What this means: much of the recent increase can be attributed to wealthy entities withdrawing their BTC from exchanges. Apparently, this is not new wealth; rather, it represents a change in the way Bitcoin whales are choosing to hold their coins.
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- That said, it’s critical to note these large entities are on record highs amid last week’s price ascension. Statistics obtained from BitcoinCharts revealed that Bitcoin whale addresses actually control a much higher 7,902,469 BTC, or 42% of the total supply.
- That brings an affirmative bias that these large entities’ movements are trajectory to price movements at unprecedented levels.
- This is an indication that more high-net-worth individuals are entering the space to invest in Bitcoin, in expectation of $BTC price appreciation.
- Bitcoin accumulation has been on a constant upward trend for months. 2.6M $BTC (14% of supply) are currently held in accumulation addresses.
IGP says protesters attacked 205 public, private facilities
Data collated when the #End SARS peaceful protest started indicated that 14 states recorded major violence.
The Nigerian Police Force has stated that about 205 critical national security assets, corporate facilities and private properties were razed down and vandalized during the EndSARS protest, which was hijacked by hoodlums and arsonists.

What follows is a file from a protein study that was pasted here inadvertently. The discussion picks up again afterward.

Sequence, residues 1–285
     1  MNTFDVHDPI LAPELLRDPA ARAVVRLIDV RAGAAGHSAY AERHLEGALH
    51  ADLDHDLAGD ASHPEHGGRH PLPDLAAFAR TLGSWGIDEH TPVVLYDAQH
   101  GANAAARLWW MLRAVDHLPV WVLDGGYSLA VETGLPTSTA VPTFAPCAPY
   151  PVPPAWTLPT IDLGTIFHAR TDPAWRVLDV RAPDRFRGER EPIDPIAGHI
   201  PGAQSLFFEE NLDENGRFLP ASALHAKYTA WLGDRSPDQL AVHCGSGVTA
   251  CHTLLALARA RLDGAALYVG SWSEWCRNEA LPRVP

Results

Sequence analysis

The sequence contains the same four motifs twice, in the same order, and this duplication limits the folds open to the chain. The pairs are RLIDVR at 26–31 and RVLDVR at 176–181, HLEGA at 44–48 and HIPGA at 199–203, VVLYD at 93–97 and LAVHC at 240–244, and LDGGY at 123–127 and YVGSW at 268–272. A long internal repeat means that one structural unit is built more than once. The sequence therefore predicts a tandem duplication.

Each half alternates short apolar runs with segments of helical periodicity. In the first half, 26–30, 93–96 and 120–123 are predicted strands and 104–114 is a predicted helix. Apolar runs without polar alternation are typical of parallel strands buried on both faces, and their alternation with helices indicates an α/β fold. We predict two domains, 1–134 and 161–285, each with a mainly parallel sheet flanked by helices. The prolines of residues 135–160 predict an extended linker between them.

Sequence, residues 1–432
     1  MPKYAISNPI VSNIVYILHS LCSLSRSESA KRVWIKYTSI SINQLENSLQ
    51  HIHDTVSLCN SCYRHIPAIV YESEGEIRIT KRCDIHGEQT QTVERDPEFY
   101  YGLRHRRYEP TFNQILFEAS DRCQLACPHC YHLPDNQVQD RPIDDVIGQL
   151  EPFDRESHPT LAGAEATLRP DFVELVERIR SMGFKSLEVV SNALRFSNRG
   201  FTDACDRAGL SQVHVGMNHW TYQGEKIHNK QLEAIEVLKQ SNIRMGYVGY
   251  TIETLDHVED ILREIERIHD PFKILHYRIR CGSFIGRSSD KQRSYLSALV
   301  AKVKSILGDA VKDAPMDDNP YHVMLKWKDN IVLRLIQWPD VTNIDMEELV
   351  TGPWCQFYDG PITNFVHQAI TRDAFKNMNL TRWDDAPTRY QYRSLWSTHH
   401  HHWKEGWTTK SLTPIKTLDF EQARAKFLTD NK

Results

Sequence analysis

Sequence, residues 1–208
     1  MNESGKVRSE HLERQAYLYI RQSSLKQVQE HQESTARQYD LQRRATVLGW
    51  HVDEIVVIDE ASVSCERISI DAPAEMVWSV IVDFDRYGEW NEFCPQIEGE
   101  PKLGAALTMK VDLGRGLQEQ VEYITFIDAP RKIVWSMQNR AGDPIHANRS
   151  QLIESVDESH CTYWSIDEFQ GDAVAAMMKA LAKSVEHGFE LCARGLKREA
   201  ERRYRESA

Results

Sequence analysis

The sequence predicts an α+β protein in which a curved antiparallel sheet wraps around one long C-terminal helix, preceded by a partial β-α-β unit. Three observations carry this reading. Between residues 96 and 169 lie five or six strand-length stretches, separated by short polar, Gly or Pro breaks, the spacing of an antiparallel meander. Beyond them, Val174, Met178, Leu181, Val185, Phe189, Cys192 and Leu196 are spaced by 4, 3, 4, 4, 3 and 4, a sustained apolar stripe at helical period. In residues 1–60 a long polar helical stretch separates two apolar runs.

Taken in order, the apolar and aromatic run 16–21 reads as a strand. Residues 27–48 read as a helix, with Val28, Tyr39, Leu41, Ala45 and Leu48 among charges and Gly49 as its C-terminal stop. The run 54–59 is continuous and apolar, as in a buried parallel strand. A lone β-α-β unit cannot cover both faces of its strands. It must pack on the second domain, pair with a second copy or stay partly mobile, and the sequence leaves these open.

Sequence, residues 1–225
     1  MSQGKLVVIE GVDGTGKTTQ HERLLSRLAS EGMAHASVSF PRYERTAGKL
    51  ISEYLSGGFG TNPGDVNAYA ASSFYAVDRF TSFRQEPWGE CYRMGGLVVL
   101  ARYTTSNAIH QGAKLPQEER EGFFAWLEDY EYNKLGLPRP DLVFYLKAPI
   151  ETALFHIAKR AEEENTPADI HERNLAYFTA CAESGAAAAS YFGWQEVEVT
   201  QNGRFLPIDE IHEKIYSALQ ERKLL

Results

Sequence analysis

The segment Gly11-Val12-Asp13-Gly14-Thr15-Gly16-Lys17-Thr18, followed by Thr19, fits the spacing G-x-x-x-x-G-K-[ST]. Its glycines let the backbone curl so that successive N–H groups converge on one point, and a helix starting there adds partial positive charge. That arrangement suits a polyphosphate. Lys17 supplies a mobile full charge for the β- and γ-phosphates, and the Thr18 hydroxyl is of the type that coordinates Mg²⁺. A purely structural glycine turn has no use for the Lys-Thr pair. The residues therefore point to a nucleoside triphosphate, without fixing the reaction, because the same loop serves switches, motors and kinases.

This was disclosed by Mr Mohammed Adamu, the Inspector-General of Police, during a virtual conference of Senior Police Officers in Abuja, according to a news report by NAN.
Adamu disclosed that data collated between Oct. 11, when the #End SARS peaceful protest started as a demonstration, and Oct. 27, after it was hijacked by the vandals, indicated that 14 states recorded major violence.
He said that some of the states severely affected by this civil unrest are Lagos, Edo, Delta, Oyo, Kano, Plateau, Osun, Ondo, Ogun, Rivers, Abia, Imo, Ekiti, and the Federal Capital Territory (FCT).
The violence had resulted in attacks on critical national security infrastructure, other corporate and private properties, as well as injuries or fatalities to civilians, the police, and other security agents.
What you should know
- 71 public warehouses and 248 privately owned stores were looted in the course of the protests nationwide.
- 51 civilian fatalities with 37 injured, and 22 policemen gruesomely murdered with 26 others injured were recorded during the protest.
- 10 firearms, including 8 AK 47 rifles, were carted away during the attack on police stations, and a locally made pistol had been recovered from elements operating under the guise of the EndSARS protest.
- 1,596 suspects have so far been arrested in connection with the violence and widespread looting across the country.